“With which systems do you interface?” might be one of the most asked questions whenever IT executives enter software evaluation discussions. When IT executives ask about software integration, what they’re really asking is: ‘how will you make sure the interface is set up in a couple of days instead of a couple of months?’ To […]
“With which systems do you interface?” might be one of the most asked questions whenever IT executives enter software evaluation discussions. When IT executives ask about software integration, what they’re really asking is: ‘how will you make sure the interface is set up in a couple of days instead of a couple of months?’
To already answer the main question, Binocs seamlessly interfaces with these software products, including in-house tools:
Where is this fear of interfaces coming from?
Interfacing requires two systems to understand each other. The typical interface approach uses code & programming to transform data from the sending system, so the receiving system understands.
This is a rigid approach as it requires a clear contract and requirements upfront, making it challenging to make changes after the fact. The coding requires quite some time of scarce internal IT resources. Not only to write the initial interface but also to cope with the inevitable changes afterwards.
So ‘with which systems do you interface’ is a very relevant question.
So, in theory, a standard interface would solve this
In a lab context, there are dozens of different LIMS, ELN, LES, … systems, each unique in how and what kind of data they capture. Offering a standard interface with each and every (lab management) system out there would, in theory, solve the issue of long and painful interface setups.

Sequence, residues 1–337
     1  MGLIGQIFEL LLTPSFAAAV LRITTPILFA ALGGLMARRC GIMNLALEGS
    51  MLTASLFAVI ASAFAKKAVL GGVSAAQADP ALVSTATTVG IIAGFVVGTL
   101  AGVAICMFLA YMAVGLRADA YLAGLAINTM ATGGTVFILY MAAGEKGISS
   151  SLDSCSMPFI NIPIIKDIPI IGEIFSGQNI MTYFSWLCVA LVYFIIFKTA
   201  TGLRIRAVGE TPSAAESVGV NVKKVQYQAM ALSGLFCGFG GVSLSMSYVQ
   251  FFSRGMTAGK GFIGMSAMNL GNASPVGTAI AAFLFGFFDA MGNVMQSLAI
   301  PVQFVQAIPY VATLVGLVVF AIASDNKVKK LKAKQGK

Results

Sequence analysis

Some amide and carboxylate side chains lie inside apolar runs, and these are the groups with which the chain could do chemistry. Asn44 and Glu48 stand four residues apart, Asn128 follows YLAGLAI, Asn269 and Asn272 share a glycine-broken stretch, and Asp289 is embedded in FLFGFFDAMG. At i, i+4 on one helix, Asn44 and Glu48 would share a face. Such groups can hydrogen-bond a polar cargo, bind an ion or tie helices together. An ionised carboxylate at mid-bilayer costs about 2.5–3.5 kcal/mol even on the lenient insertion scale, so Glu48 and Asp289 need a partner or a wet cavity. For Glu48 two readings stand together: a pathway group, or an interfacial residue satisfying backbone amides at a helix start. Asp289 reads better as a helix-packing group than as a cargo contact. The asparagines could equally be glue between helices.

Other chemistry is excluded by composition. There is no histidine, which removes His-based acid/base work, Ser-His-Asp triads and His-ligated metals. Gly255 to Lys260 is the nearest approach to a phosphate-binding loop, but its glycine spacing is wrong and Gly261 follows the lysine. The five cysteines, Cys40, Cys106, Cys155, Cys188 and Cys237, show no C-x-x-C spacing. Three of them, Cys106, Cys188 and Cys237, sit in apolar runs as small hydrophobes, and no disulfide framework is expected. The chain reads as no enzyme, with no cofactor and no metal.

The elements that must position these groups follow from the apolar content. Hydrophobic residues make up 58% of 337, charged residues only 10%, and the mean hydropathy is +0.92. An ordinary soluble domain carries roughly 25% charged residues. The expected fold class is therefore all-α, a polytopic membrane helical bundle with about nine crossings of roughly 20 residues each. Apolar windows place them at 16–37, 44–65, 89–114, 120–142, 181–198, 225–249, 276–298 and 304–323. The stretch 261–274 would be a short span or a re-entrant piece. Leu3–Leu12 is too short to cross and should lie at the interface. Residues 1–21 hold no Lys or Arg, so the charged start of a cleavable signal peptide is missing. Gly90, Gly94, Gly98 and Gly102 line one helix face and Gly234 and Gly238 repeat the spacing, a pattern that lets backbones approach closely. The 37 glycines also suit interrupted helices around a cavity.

However, labs differ in their ways of working. Even if they are using the same lab management systems, the setup is customized to reflect that reality. Consequently, even if two interfaces with the same LIMS system need to be setup, the ‘standard’ interface needs to be adapted to how each LIMS system X is set up/configured.
Standard is not really standard if you need to tweak it to make sure it works with a specific configuration/setup. To summarize: in theory, a standard interface sounds great, but in a context where custom configurations are common, standard interfaces are not at all a guarantee you can set up the interface in a couple of days instead of a couple of months.
We’ve managed to set up these interfaces in a matter of days, instead of weeks or months. Not because we’ve built standard interfaces with all these systems, but because we’ve taken a radically different route called zero-code interfacing.
Zero-code interfacing means that data doesn’t have to be ‘ready’ before sending it to Binocs. Interfaces upload data in whatever format it’s available to Binocs. No coded transformation and logic are needed. Instead, the transformation logic is configured directly in Binocs, using business rules (= rules that are understandable & configurable by business users). That’s why Binocs can connect to ‘any’ system with relevant data and why we can set up an interface in days instead of months.
Moreover, as the transformation logic is configured for and by the business users, it’s easy to adapt, fine-tune and scale.
Stay tuned for our next blog on zero-code interfacing, where we deep-dive into how it works, or get in touch if you can’t wait to see more!
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